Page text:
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Predrawn prehospital medications are microbiologically safe for up to 48 hours
  1. Torgrim Soeyland1,
  2. Alan Garner2,
  3. Sam Vidler3,
  4. Cristian Humberto Gutierrez4,
  5. Arnold Foster5,
  6. Jane Kitcher5
  1. 1Hunter Retrieval Service, John Hunter Hospital, New Lambton, New South Wales, Australia
  2. 2Operations, CareFlight Ltd New South Wales, Wentworthville, New South Wales, Australia
  3. 3Hunter Retrieval Service, Hunter New England Local Health District, New Lambton, New South Wales, Australia
  4. 4John Hunter Hospital Emergency Department, Hunter New England Local Health District, New Lambton, New South Wales, Australia
  5. 5New South Wales Health Pathology, Hunter New England Local Health District, Newcastle, New South Wales, Australia
  1. Correspondence to Dr Torgrim Soeyland, Hunter Retrieval Service, John Hunter Hospital, New Lambton, NSW 2305, Australia; Torgrim.Soeyland{at}health.nsw.gov.au

Abstract

Background Prehospital medical teams are commonly required to administer a range of medications for urgent stabilisation and treatment. The safe preparation of medications during resuscitation requires attention, time and resources, and can be a source of medication error. In our two road and HEMS (Helicopter Emergency Medical Service) prehospital services, medication errors are mitigated by predrawing commonly used medications to set concentrations daily (Hunter Retrieval Service, HRS) or second-daily (CareFlight Sydney, CFS). However, there are no published data confirming that such practice is microbiologically safe.

Methods A convenience sample of 299 predrawn medication syringes with syringe dwell times up to 48 hours were collected at the end of their operational deployment. Predrawn medication syringes collected for culture were ketamine, midazolam, fentanyl, thiopentone, rocuronium, suxamethonium, metaraminol and normal saline. The samples were incubated and cultured at a tertiary hospital pathology laboratory using best-practice methodology for non-tissue samples. The samples were collected from June 2017 to February 2018.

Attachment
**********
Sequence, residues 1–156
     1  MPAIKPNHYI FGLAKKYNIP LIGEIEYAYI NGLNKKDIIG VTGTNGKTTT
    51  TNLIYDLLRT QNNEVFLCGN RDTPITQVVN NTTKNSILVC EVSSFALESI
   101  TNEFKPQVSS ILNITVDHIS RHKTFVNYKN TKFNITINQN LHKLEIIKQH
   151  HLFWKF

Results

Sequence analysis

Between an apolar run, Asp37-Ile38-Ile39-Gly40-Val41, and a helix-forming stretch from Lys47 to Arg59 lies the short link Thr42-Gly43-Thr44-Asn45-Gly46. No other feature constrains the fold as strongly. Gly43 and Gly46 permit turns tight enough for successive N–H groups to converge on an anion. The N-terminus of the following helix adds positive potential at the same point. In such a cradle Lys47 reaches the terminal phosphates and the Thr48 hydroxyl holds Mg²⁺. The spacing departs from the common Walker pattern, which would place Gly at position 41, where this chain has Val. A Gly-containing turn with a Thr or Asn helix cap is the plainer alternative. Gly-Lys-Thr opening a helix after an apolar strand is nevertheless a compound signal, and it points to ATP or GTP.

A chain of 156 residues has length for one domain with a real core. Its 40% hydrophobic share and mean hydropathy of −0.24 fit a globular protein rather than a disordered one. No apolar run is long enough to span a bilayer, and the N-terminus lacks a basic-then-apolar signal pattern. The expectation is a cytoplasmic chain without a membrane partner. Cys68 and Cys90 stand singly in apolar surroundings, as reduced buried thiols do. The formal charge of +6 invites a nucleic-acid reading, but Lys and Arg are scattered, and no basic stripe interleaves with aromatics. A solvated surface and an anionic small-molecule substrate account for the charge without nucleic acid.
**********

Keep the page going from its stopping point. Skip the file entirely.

Results The mean dwell times ranged from 30.7 hours (fentanyl at HRS) to 48.5 hours (rocuronium at CFS). None of the 299 cultured samples yielded significant micro-organisms. One sample of suxamethonium with a syringe dwell time of 34 hours grew Bacillus cereus but was likely a contaminant introduced during sample collection.

Conclusion Predrawing of the eight studied medications for urgent prehospital procedures appears to be a microbiologically safe practice with syringe dwell times up to 48 hours.

  • acute care
  • prehospital care, advanced practitioner
  • resuscitation
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Footnotes

  • Contributors TS designed the study. TS, AG, SV and CHG were involved in sample collection, and literature and document reviews. AF and JK were involved in laboratory processing and document review. All listed authors partook in several stages of the preparation of the submitted document.

  • Funding The authors have not declared a specific grant for this research from any funding agency in the public, commercial or not-for-profit sectors.

  • Competing interests None declared.

  • Patient consent Not required.

  • Ethics approval Hunter New England Local Health District Human Research Ethics Committee.

  • Provenance and peer review Not commissioned; externally peer reviewed.

  • Data sharing statement An extensive spreadsheet listing all sampled medications with their syringe dwell time, and so on, are available on request.

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